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photo-eye Book Reviews: Hijacked 2

Hijacked 2. Edited by Mark McPherson. 
Published by Big City Press/Kehrer Verlag, 2010.

Hijacked 2
Reviewed by Colin Pantall
Edited by Mark McPherson, Ute Noll
& Markus Schaden.  Big City Press/
Kehrer Verlag, 2010. 412 pp.,
Illustrated throughout, 10-1/2x8-1/2".

At first glance, there are few similarities between German and Australian photography. German photographers study at prestigious colleges and produce work that owes allegiance to the organisation and clinical finishing of the Bechers and their disciples. Australian photographers follow a more organic path in their work, bringing together a range of influences that include film, folklore and the mythology of the Australian landscape. 

The divergence of the work is apparent in Hijacked 2, the latest volume in Mark McPherson's quest to put Australian photography on a global stage. The German photography is more focussed on specific working practice and so has a sense of place provided by the visual history from which it has emerged. The Australian work is more chaotic, with Australian features such as the landscape providing connections between work that is incredibly diverse.

From the German side comes earnestness and anxiety, political sensibilities that point to the traumas of the past, and possibly the future. Josef Schulz's pictures of abandoned border posts show the disintegration of European national identities.  Backlit booths provide a nostalgic light, but there is also a feeling that the border posts are in mothballs and that one day soon, stamp-wielding officials in peaked caps will once again be checking exactly who is going where and why.

Hijacked 2, by Mark McPherson. Published by Big City Press/Kehrer Verlag, 2010.

Many of the German photographers play with our generic expectation of images. Jens Liebchen's DL07 does this most effectively with his smudgy black and white images providing an aura of threat and violence. It's supposed to be a war zone but it's not - it's Liebchen's holiday snaps of Tirana, Albania.
Hijacked 2, by Mark McPherson. Published by Big City Press/Kehrer Verlag, 2010.
Counter-culture is present in the form of Julian Roder's G8 protestors. Best of all is Johanna Ahlert's Convoi - sensitive and rather touching portraits of German travellers.

It's not all grim though. Jan von Holleben makes Stephen Gill style montages in Mystery of Monsters, his latest investigation into childhood, dimensions and play, while lyrical beauty comes courtesy of Thekla Ehling's delightful Sommerherz series, a nostalgic series that puts into visual form what it might mean to be 21st Century German.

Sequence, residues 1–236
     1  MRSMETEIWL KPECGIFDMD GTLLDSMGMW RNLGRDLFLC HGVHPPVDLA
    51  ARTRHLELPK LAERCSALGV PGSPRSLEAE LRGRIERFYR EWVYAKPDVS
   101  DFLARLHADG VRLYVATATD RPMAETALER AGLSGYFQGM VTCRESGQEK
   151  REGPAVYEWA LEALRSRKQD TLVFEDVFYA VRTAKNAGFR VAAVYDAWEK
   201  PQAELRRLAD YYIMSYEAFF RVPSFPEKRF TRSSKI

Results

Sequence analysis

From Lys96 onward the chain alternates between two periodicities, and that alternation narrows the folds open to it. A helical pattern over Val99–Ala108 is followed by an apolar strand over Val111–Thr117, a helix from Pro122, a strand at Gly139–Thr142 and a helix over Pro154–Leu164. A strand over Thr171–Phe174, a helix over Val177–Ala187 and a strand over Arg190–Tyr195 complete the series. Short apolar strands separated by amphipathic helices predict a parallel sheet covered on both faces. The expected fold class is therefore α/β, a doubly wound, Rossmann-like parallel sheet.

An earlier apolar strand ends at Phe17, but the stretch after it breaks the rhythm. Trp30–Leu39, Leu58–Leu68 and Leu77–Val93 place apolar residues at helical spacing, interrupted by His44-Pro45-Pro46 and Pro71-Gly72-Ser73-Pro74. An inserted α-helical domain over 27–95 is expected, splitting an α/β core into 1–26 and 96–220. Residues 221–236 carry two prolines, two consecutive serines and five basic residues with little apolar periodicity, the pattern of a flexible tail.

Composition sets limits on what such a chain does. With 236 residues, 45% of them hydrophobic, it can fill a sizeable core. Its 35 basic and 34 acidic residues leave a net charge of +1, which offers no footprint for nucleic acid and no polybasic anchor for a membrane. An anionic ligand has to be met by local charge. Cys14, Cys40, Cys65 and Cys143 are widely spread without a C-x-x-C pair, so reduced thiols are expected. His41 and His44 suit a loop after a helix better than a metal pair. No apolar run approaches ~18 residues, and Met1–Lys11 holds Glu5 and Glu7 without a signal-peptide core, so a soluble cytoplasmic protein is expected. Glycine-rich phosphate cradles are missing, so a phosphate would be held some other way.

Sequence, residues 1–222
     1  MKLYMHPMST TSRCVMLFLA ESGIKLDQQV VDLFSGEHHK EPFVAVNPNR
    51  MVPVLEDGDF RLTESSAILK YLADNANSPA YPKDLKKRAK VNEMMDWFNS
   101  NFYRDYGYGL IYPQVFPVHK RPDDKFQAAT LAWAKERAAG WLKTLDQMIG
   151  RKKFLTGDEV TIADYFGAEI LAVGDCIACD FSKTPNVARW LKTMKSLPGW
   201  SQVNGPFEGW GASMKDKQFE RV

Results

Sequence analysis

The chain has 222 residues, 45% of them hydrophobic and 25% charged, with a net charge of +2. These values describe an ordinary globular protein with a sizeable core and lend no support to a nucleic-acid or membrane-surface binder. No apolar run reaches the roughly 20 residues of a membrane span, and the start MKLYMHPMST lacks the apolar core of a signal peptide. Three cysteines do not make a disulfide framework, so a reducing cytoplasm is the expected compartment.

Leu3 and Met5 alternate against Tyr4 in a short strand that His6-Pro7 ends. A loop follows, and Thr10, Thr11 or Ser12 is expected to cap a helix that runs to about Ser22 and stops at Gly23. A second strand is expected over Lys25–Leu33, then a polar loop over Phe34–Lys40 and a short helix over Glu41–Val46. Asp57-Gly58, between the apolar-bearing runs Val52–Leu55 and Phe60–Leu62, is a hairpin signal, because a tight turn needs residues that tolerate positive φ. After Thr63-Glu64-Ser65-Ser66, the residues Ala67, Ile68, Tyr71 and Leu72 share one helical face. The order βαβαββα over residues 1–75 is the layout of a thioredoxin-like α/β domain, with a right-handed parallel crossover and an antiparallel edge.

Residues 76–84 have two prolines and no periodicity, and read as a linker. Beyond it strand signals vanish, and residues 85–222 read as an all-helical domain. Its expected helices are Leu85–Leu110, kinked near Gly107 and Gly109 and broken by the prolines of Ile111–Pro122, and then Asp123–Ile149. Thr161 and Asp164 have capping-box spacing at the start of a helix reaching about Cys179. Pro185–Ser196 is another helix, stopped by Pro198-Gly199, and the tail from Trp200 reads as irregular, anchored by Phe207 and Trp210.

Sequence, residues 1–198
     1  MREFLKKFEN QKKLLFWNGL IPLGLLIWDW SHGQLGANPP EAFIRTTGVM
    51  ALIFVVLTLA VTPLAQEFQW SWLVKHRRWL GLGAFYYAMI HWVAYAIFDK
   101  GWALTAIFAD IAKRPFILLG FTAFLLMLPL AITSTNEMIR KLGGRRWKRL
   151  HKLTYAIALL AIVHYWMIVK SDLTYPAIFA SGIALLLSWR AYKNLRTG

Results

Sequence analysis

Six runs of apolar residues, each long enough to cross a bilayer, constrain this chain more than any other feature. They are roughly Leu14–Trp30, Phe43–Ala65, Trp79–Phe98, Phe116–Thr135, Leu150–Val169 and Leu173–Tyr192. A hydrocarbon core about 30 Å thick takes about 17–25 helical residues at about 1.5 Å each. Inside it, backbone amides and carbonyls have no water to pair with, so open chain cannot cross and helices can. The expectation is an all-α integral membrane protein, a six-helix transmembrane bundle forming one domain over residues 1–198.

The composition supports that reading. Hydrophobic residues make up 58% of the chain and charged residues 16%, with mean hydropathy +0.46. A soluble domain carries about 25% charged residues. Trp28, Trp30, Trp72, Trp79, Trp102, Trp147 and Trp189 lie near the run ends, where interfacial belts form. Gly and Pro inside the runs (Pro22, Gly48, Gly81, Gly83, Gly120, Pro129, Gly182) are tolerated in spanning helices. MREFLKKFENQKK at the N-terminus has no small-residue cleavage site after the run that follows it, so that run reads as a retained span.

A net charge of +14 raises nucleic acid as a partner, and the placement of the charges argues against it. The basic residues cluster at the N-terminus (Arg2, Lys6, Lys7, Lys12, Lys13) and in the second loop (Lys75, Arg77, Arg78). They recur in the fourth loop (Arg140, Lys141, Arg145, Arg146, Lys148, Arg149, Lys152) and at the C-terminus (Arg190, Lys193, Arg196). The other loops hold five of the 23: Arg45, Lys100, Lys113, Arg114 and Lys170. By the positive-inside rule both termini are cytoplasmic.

Hijacked 2, by Mark McPherson. Published by Big City Press/Kehrer Verlag, 2010.
What it is to be Australian is an altogether more difficult question. Tamara Dean looks at motherhood, especially the less glamorous aspects of it, James Brickwood photographs Australian teenagers partying during the Down Under equivalent of the Spring Spreak, and Georgia Metaxas photographs homeless Australians while they're having a haircut.
Hijacked 2, by Mark McPherson. Published by Big City Press/Kehrer Verlag, 2010.
Both the rural and the suburban environments are portrayed through Louis Porter super-saturated pictures of the suburban landscape as well as Lee Grant's documentation of Adelaide. The new Australian and its up-and-down relationship with Asia is felt in Jackson Eaton's autobiographical series of his South Korean girlfriend Hasisi.

Hijacked 2, by Mark McPherson. Published by Big City Press/Kehrer Verlag, 2010.

Michael Corridore's Angry Black Snake is a fitting end to Hijacked 2, an antipodean reprise of Liebchen's DL07. Crowds of people crouch down and shelter in smoke-filled dunes of sand. It looks as if a bomb has gone off or a building collapsed. But it's no disaster, just pictures of smoke from the burning engines of car burnout competitions.—Colin Pantall

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Colin Pantall is a photographer, writer and teacher based in Bath. His photography and writing have been shown and published in North America, Europe and Asia. More thoughts of Colin Pantall can be found at Colin Pantall's blog     (